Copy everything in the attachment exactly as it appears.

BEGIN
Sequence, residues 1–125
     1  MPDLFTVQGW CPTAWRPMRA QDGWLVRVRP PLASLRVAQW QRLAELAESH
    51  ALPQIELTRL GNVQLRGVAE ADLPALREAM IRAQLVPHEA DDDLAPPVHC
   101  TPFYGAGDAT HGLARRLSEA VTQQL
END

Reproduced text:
Sequence, residues 1–125
     1  MPDLFTVQGW CPTAWRPMRA QDGWLVRVRP PLASLRVAQW QRLAELAESH
    51  ALPQIELTRL GNVQLRGVAE ADLPALREAM IRAQLVPHEA DDDLAPPVHC
   101  TPFYGAGDAT HGLARRLSEA VTQQL